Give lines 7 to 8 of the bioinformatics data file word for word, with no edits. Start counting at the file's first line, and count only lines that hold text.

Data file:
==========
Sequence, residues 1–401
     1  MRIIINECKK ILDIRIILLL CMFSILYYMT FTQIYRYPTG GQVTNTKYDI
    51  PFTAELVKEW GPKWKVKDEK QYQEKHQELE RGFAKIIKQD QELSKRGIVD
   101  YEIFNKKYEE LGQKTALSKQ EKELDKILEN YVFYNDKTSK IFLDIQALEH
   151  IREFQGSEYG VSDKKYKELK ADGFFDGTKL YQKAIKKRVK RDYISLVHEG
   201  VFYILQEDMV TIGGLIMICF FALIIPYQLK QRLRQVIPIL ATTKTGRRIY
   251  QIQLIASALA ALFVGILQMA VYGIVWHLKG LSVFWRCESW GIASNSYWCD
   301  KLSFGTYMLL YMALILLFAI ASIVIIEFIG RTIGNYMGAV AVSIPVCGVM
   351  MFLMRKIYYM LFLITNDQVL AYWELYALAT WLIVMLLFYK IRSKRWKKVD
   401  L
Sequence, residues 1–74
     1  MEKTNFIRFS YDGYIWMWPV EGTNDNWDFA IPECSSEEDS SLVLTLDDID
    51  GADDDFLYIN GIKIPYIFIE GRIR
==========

   251  QIQLIASALA ALFVGILQMA VYGIVWHLKG LSVFWRCESW GIASNSYWCD
   301  KLSFGTYMLL YMALILLFAI ASIVIIEFIG RTIGNYMGAV AVSIPVCGVM